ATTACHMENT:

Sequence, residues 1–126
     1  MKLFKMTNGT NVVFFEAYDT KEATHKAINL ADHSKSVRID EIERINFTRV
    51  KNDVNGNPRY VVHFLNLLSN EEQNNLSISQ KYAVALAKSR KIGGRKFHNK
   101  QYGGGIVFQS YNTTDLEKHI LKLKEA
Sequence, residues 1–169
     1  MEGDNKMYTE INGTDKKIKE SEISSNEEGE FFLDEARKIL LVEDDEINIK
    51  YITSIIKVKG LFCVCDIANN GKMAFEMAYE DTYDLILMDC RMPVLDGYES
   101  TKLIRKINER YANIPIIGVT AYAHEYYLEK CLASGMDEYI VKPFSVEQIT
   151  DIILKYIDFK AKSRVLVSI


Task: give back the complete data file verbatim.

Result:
Sequence, residues 1–126
     1  MKLFKMTNGT NVVFFEAYDT KEATHKAINL ADHSKSVRID EIERINFTRV
    51  KNDVNGNPRY VVHFLNLLSN EEQNNLSISQ KYAVALAKSR KIGGRKFHNK
   101  QYGGGIVFQS YNTTDLEKHI LKLKEA
Sequence, residues 1–169
     1  MEGDNKMYTE INGTDKKIKE SEISSNEEGE FFLDEARKIL LVEDDEINIK
    51  YITSIIKVKG LFCVCDIANN GKMAFEMAYE DTYDLILMDC RMPVLDGYES
   101  TKLIRKINER YANIPIIGVT AYAHEYYLEK CLASGMDEYI VKPFSVEQIT
   151  DIILKYIDFK AKSRVLVSI